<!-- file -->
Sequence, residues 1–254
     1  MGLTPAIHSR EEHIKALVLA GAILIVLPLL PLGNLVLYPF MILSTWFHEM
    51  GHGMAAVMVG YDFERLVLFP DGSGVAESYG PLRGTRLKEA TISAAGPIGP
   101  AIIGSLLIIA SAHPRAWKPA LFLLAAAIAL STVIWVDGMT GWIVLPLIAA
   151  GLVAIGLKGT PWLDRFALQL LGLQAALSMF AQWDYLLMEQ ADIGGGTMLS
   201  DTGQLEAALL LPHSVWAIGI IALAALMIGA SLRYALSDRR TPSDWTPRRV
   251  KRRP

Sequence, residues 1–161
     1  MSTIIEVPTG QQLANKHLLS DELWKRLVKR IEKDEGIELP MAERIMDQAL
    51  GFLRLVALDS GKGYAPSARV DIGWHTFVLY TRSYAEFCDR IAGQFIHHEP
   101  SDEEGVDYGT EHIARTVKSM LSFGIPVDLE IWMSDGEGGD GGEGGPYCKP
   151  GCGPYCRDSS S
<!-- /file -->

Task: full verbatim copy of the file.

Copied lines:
Sequence, residues 1–254
     1  MGLTPAIHSR EEHIKALVLA GAILIVLPLL PLGNLVLYPF MILSTWFHEM
    51  GHGMAAVMVG YDFERLVLFP DGSGVAESYG PLRGTRLKEA TISAAGPIGP
   101  AIIGSLLIIA SAHPRAWKPA LFLLAAAIAL STVIWVDGMT GWIVLPLIAA
   151  GLVAIGLKGT PWLDRFALQL LGLQAALSMF AQWDYLLMEQ ADIGGGTMLS
   201  DTGQLEAALL LPHSVWAIGI IALAALMIGA SLRYALSDRR TPSDWTPRRV
   251  KRRP

Sequence, residues 1–161
     1  MSTIIEVPTG QQLANKHLLS DELWKRLVKR IEKDEGIELP MAERIMDQAL
    51  GFLRLVALDS GKGYAPSARV DIGWHTFVLY TRSYAEFCDR IAGQFIHHEP
   101  SDEEGVDYGT EHIARTVKSM LSFGIPVDLE IWMSDGEGGD GGEGGPYCKP
   151  GCGPYCRDSS S